How we cite our quotes:
'Nay, if it please thee to forget—the one thing only that thou hast not told me. Surely thou must know? See, I am an old man! I ask with my head between thy feet, O Fountain of Wisdom. We know He drew the bow! We know the arrow fell! We know the stream gushed! Where, then, is the River? My dream told me to find it. So I came. I am here. But where is the River?'
'If I knew, think you I would not cry it aloud?'
'By it one attains freedom from the Wheel of Things,' the lama went on, unheeding. 'The River of the Arrow! Think again! Some little stream, maybe—dried in the heats? But the Holy One would never so cheat an old man.' (1.64-6)
The lama is an old man in terms of years, but sometimes his naivety about the world makes him seem kind of like a child. The fact that he more or less demands that the curator of the Lahore Museum tell him where the River of the Arrow is, even though the curator keeps trying to tell him that he just doesn't know, makes the lama appear kind of immature in this scene. Does the lama in some sense grow up over the course of the book, as Kim does?
'It may be that the Bull knows—that he is sent to guide us both.' said the lama, hopefully as a child. Then to the company, indicating Kim: 'This one was sent to me but yesterday. He is not, I think, of this world.'
'Beggars aplenty have I met, and holy men to boot, but never such a yogi nor such a disciple,' said the woman.
Her husband touched his forehead lightly with one finger and smiled. But the next time the lama would eat they took care to give him of their best. (2.110-112)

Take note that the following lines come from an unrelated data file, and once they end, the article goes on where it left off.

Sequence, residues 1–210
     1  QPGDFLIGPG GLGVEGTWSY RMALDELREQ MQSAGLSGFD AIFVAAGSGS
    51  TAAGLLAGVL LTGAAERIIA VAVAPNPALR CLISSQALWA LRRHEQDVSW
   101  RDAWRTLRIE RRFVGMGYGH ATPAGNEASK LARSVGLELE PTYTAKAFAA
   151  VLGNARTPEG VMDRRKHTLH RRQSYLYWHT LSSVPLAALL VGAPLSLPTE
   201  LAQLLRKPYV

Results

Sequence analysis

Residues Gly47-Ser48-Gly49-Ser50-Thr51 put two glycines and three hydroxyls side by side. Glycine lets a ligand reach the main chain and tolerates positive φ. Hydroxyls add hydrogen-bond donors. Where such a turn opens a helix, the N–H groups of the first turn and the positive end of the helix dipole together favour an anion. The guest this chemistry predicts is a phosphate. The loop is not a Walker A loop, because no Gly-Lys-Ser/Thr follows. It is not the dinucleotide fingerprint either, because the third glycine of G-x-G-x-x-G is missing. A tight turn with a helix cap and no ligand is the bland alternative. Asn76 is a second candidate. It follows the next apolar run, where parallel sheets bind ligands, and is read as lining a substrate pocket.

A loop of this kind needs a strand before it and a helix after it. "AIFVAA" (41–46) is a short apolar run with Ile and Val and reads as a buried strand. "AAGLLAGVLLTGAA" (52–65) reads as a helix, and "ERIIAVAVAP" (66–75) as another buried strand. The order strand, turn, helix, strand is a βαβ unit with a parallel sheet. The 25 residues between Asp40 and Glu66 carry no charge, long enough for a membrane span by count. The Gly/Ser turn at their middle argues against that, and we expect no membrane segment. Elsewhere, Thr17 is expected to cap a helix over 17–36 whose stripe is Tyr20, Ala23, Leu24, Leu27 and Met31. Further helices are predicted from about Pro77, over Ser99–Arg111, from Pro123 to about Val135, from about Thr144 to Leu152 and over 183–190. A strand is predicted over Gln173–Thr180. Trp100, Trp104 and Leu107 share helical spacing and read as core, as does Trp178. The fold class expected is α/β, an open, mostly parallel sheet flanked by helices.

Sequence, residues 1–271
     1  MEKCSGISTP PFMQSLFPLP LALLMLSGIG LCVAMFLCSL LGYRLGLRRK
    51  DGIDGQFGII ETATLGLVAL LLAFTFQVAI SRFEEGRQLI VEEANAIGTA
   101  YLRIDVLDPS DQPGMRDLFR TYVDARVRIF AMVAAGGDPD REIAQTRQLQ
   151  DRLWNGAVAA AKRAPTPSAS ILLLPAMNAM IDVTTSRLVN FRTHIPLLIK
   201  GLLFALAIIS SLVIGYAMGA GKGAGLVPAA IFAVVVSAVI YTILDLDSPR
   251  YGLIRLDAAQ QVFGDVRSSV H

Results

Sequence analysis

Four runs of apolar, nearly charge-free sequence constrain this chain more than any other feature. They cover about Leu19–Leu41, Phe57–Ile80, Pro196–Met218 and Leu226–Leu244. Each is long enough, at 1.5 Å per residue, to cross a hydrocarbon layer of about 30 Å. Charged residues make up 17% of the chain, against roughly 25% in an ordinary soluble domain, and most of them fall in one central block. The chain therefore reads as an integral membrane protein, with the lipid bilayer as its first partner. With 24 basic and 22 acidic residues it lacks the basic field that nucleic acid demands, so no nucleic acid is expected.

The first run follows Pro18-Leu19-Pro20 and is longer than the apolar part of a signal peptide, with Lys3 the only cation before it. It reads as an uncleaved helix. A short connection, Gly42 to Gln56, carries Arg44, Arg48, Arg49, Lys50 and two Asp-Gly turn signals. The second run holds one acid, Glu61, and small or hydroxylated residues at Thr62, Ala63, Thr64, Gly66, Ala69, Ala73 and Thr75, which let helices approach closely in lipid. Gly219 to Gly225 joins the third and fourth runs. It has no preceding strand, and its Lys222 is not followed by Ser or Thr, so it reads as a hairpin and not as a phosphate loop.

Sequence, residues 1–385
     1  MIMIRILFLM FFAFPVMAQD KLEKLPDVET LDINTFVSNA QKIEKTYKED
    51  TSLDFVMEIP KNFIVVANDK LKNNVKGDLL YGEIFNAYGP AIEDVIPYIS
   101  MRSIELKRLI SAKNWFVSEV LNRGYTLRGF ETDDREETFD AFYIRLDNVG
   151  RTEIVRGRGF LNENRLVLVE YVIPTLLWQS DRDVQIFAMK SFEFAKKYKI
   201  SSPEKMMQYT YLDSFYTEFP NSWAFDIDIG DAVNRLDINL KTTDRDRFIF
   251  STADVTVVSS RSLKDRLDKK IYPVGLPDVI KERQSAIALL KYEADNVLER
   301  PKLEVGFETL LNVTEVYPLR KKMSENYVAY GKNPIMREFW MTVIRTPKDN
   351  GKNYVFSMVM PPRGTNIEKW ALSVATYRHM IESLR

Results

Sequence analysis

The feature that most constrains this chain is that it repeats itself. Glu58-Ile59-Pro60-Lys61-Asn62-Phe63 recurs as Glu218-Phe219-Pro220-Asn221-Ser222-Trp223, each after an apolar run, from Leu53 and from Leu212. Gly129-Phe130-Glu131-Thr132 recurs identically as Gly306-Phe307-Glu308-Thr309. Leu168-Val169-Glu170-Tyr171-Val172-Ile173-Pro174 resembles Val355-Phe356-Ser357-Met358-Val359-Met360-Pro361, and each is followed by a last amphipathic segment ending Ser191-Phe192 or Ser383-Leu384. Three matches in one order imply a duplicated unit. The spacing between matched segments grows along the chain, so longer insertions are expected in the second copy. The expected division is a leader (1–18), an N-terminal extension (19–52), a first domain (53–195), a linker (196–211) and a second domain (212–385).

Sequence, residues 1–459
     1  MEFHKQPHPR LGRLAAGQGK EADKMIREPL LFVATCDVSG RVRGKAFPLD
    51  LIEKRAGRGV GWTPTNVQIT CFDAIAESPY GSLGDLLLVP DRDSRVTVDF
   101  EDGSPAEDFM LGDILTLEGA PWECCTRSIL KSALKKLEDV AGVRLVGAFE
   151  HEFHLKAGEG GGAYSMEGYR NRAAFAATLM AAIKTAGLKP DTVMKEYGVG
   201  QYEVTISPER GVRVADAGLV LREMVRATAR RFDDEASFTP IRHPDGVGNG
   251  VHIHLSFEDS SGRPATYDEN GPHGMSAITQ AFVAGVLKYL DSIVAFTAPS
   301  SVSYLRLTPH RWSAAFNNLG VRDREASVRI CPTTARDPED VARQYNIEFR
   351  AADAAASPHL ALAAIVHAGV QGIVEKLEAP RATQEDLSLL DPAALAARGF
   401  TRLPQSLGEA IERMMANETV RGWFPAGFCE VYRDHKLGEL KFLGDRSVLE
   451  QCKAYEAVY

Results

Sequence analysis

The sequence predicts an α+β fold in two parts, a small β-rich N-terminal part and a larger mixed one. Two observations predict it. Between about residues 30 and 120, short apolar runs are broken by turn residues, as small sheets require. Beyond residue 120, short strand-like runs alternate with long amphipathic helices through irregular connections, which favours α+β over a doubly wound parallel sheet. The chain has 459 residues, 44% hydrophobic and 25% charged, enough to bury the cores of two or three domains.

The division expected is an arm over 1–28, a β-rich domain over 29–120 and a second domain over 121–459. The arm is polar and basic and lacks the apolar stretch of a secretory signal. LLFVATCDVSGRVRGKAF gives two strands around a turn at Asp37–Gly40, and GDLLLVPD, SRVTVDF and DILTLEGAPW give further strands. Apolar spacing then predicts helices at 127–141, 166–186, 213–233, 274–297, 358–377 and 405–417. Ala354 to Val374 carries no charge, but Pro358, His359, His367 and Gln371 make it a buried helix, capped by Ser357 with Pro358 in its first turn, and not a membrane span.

We think that the lama comes across as pretty childish in this book, but the striking thing is that even though many of the people the lama meets on the road in India think he's crazy, naive, or both, they also believe in him enough to feed him and support him on his travels. It's as though being a holy man means that you have to be a bit childish—that innocence seems to be one of the markers of holiness in this book.
'Oho!' said the old soldier. 'Whence hadst thou that song, despiser of this world?'
'I learned it in Pathankot—sitting on a doorstep,' said the lama shyly. 'It is good to be kind to babes.'
'As I remember, before the sleep came on us, thou hadst told me that marriage and bearing were darkeners of the true light, stumbling-blocks upon the Way. Do children drop from Heaven in thy country? Is it the Way to sing them songs?'
'No man is all perfect,' said the lama gravely, recoiling the rosary. 'Run now to thy mother, little one.' (3.168-171)
The lama teaches that marriage and children are obstacles to finding true meaning in this life, since some schools of Buddhism hold that emotional attachment will keep you tied to the Great Wheel of Things. But then, when he is sitting in a field with Kim and the Old Man Who Fought in '57, a baby boy comes toddling over. The lama sings to him and seems to enjoy playing with the child, and the Old Man Who Fought in '57 mocks the lama for his hypocrisy, since the lama preaches against having children when he so clearly likes them.
This scene shows in miniature the lama's main conflict over the whole course of the novel: he loves Kim as a grandson, even though he thinks that love and family keep you from gaining Enlightenment. For more on how the lama resolves this issue for himself, check out our section on "What's Up With the Ending?"